Interaction Design Diary: UX of Record Player

Listening to music, for some people is more than just pressing play, letting the song played in the background and doing what he/she was doing in the first place. Nope. It could be more than that.

I recently got a hold of a turntable and with that device I can now play records I’ve been collecting from few months back. Of course, the main purpose of buying this player was so I can listen to songs on those records and enjoying the hidden frequencies that weren’t heard on CD or mp3. However, I was wrong. Again, it was more than just that.

To start with, playing records wasn’t as easy as playing CD or cassete (my favorite physical music format ever). It involves a bit more dexterity in terms of putting on the record, carefully choosing which song to play and dropping that needle right where it belongs. And again, even the process of doing that, seeing the tone arm slowly drops, hearing a bit of crackle before the first song played were tiny details that makes listening records an amazing experience. To add even more, look at the cover or the record sleeve. Look at the size. A thing that size with that weight was obviously made to enjoy, to grace and to be examined. Now do that while listening to records. Compare it to looking at an album cover while listening to an album cover on your iPod or Winamp. Will you grace the cover?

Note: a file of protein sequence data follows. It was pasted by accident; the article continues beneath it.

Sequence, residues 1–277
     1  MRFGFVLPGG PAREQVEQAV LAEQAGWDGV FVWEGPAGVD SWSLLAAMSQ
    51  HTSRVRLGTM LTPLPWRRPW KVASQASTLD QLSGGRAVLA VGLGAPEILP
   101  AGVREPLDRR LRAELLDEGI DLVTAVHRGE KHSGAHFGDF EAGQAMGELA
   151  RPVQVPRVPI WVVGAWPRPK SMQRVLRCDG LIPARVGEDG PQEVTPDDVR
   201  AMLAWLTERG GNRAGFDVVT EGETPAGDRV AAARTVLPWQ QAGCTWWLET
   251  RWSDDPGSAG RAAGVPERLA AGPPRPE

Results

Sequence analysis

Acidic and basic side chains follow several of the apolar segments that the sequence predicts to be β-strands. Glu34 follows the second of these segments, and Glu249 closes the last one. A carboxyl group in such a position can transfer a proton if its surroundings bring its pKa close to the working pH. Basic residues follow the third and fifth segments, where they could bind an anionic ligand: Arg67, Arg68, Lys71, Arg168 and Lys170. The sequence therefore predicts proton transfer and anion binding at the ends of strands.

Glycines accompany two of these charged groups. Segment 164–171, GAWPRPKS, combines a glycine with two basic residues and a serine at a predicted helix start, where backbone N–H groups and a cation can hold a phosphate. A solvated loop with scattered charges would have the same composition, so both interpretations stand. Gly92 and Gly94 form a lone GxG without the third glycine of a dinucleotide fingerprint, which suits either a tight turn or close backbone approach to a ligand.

That’s where the biggest difference lies. Records, were made not only so people can hear songs on it, but also to be enjoyed as a whole package. The whole processes can even be categorized as a ritual. At least for me. While on the other hand, listening to your mp3s won’t yield the same experience. Choosing mp3 to play is easy, playing it is as easy as clicking or pressing a play button. So easy, that you can do it in reflex mode and continue to browse the web.

To conclude, I’m not saying that mp3 is bad, and records are good. No. I’m just implying here that records, are made to be experienced in a different way than mp3 does. If you want to save the music industry, go ahead, buy those digital albums at will. However, if you want to fully enjoy music, then my friend, visit your nearest record store and start from there.

Happy Records Store Day 2012.

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